[Editor’s Comments: Our guest contributor, Alisa Childers, is a former Christian music recording artist, lifelong Christian, and writer of apologetics, theology, and culture. She tackles the tough questions about the truth of Christianity and the Bible. For more information, visit alisachilders.com.]
The Gospel accounts found in the New Testament are embarrassing. Matthew, Mark, Luke, and John included some pretty uncomfortable details in their writings. But if you’re a Christian, that’s actually a really good thing.
We humans have a tendency to paint ourselves in a good light — to leave out the bad stuff and exaggerate or embellish the good. If you need proof of this, click over to Facebook and check your newsfeed. You will be bombarded by photos of your friends vacationing at the beach, having ice cream with their children, drinking artisan coffee, and eating mouth-watering delicacies at the new local Bistro. You will read a wife’s birthday tribute to her husband that would convince the most skeptical rationalist that she is married to Superman himself. In short, Facebook is a highlight reel.
That’s not necessarily a bad thing — no one wants to scroll through Facebook and see everyone’s dirty laundry.
But Facebook isn’t exactly an accurate portrayal of history.
When assessing historical documents, there are certain attributes of authenticity that historians are looking for. One of those attributes is called the “Criterion of Embarrassment.” If an author includes details that might be embarrassing to himself or his cause, there is a much greater chance that he is telling the truth. This gives scholars more confidence in the historical reliability of the document.
What about the New Testament gospel accounts? Here are three ways the Gospels are embarrassing, and why those “embarrassing details” actually demonstrate that the authors were telling the truth:
1. Embarrassing Details About Themselves
Let’s say I wanted to make up a brand new religion that wasn’t true, but I was hoping to gain money, power, fame — or all three. If that were the case, I would NOT portray myself as a dim-witted coward who was always getting scolded by my spiritual leader!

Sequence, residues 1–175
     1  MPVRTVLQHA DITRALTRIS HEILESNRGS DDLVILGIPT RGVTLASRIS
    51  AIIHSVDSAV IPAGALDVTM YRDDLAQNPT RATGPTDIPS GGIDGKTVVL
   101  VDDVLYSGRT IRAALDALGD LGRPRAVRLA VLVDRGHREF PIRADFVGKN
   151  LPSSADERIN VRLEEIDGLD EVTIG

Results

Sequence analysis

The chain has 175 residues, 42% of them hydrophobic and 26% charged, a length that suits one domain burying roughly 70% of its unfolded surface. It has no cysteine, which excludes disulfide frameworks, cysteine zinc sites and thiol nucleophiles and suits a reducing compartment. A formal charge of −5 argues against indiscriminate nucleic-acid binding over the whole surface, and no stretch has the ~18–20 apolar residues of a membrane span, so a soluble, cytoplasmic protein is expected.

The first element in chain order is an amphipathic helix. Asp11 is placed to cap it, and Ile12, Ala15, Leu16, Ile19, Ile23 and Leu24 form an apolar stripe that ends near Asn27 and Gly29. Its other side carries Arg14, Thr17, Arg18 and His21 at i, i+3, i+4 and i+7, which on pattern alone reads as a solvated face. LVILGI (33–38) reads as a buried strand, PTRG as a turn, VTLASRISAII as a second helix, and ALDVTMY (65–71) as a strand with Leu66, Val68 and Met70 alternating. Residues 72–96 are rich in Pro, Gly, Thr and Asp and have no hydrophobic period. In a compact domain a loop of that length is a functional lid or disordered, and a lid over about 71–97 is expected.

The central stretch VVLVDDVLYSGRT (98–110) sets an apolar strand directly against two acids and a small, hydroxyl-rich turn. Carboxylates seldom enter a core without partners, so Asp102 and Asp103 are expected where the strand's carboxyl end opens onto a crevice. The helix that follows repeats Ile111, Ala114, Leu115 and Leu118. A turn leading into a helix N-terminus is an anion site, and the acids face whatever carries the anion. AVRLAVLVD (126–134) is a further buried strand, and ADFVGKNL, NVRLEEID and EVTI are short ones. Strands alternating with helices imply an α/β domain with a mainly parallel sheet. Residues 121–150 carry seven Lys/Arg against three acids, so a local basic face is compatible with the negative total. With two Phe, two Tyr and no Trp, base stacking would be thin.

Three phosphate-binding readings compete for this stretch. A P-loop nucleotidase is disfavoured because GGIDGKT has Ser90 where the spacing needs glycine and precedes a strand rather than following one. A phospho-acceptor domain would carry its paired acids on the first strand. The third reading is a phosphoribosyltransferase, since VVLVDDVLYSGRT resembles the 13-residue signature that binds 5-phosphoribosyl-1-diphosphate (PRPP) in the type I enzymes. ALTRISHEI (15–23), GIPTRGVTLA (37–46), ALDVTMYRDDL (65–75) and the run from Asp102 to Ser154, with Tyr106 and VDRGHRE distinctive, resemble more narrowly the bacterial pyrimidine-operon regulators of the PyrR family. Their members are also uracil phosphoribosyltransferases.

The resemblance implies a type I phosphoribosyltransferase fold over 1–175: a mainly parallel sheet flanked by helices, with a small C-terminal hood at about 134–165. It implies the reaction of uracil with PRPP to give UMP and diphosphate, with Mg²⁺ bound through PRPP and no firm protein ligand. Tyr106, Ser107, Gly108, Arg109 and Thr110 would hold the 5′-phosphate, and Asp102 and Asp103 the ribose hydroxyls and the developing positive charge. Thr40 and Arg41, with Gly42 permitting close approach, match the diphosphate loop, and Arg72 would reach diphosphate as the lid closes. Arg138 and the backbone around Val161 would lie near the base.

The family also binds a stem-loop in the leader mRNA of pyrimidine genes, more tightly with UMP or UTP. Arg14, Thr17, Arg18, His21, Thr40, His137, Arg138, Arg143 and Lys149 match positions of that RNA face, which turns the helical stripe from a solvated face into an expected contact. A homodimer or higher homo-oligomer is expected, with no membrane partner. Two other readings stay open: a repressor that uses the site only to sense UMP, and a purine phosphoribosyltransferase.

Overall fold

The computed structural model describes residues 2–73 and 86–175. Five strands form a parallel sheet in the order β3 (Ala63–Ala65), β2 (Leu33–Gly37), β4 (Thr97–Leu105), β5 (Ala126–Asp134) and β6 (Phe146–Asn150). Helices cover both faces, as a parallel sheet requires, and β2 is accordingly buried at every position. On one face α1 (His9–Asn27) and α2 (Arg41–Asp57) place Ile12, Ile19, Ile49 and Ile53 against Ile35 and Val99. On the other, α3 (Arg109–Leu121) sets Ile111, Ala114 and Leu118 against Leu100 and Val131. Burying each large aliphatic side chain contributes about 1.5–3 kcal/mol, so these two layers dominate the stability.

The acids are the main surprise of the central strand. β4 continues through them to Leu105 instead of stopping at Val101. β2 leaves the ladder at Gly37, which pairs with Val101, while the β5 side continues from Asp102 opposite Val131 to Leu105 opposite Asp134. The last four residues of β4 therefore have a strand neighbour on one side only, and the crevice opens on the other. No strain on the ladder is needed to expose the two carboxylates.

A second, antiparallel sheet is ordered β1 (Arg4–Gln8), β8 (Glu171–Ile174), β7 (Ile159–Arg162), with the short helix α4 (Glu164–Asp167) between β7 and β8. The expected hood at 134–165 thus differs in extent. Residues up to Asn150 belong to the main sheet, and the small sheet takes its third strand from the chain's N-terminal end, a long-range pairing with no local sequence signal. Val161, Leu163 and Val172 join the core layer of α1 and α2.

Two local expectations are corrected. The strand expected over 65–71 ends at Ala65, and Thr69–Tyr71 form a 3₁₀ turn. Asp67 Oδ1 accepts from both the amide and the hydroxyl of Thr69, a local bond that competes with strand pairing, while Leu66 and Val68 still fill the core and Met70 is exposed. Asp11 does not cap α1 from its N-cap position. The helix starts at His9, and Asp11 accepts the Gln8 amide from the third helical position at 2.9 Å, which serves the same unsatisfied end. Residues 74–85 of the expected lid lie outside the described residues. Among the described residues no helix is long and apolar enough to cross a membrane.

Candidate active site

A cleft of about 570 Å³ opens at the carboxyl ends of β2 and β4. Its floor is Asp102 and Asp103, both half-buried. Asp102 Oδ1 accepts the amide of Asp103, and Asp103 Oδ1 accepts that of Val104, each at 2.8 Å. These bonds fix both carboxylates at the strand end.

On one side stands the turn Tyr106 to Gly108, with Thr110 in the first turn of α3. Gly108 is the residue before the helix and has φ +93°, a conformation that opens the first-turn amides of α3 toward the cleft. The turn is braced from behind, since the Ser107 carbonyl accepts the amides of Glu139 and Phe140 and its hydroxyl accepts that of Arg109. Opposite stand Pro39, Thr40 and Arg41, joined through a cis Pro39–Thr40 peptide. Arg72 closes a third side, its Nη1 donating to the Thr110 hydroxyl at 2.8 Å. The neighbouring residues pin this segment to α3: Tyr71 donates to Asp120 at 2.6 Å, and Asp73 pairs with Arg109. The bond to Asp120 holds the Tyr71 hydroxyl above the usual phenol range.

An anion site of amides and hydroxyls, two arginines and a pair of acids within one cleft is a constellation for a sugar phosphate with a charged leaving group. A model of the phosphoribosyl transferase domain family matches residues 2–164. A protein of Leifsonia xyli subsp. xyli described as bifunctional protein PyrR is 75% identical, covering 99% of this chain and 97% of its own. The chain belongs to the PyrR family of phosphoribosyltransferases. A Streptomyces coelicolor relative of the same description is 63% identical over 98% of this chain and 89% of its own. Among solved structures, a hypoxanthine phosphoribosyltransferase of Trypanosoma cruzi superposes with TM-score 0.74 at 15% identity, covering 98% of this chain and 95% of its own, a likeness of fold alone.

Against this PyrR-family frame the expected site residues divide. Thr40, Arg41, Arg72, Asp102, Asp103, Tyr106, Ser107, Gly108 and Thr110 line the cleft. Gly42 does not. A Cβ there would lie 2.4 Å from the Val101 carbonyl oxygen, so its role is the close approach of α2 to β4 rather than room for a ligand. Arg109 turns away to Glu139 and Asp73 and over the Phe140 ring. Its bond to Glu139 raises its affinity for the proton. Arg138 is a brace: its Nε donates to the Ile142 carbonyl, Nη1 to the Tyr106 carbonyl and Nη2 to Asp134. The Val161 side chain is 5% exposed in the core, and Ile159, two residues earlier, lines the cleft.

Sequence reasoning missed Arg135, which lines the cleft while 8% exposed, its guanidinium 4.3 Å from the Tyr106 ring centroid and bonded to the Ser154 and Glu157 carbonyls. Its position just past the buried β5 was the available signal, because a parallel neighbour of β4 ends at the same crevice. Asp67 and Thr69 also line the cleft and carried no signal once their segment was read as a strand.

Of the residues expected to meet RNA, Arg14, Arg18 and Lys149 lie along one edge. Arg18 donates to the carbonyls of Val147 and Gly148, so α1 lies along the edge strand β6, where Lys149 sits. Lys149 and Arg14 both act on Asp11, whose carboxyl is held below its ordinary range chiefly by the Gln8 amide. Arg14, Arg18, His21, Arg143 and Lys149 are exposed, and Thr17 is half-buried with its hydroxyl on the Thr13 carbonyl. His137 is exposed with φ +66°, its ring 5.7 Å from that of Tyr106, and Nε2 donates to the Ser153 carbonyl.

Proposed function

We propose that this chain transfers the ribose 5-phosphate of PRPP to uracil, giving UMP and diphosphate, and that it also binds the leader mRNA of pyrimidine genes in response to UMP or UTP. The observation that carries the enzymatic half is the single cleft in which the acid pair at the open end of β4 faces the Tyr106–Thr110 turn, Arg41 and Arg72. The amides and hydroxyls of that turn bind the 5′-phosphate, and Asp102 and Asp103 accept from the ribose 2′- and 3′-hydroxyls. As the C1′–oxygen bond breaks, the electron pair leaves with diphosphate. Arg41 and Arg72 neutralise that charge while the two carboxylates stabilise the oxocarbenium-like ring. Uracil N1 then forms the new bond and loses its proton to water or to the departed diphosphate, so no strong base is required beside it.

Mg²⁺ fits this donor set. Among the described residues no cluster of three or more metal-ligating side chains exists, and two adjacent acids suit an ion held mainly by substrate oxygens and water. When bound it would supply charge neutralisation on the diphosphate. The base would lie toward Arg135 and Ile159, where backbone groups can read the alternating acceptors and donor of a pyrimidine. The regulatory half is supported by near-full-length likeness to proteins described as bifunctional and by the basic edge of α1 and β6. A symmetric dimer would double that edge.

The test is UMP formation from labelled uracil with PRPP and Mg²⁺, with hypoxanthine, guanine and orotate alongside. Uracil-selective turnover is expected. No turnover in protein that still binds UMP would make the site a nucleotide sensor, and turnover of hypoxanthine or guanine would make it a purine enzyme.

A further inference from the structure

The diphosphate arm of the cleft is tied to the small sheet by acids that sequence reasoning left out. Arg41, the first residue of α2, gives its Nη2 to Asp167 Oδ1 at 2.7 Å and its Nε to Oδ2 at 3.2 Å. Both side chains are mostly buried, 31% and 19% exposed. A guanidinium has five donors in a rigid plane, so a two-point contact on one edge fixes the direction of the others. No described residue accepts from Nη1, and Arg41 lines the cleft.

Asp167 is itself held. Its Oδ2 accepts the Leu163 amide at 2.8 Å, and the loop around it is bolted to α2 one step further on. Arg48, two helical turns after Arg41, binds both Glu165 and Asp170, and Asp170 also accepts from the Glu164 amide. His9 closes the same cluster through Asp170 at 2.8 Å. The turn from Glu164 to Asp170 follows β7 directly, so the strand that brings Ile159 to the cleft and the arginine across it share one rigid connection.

But that’s exactly what the writers of the New Testament did.
If they were making the whole thing up, they would have most likely portrayed themselves in a much better light. Here are some of the ways they describe themselves:
- They never seem to “get” what Jesus is talking about. (Mark 9:32; Luke 18:34; John 12:16)
- They fall asleep twice when Jesus urges them to pray. (Mark 14:32-41)
- They get scolded by Jesus. (Mark 8:33)
- They fiercely disagree with each other. (Galatians 2:11)
- They run away and hide like cowards when Jesus is arrested. (Mark 14:50-52)
- They disown Jesus when asked if they know him. (Matthew 26:33-35)
- They constantly doubt Jesus. (John 2:18-22; 3:14-18; Matthew 12: 39-41; 17:9; 22-23; Mark 16:14; Matthew 28:16-17)
- They record that women were the first witnesses of Jesus’ resurrection. (This is embarrassing because back then, the testimony of women wasn’t even admissible in court!) (Matthew 28; Mark 16; Luke 24; John 20)
2. Embarrassing Details About Jesus
Now back to that “made up” religion. If I was basing my newly invented religion on a spiritual leader such as Jesus, I would make sure that he came off in the best possible light. I would portray him as being respected and admired by all… especially by the most powerful and influential social and political elite.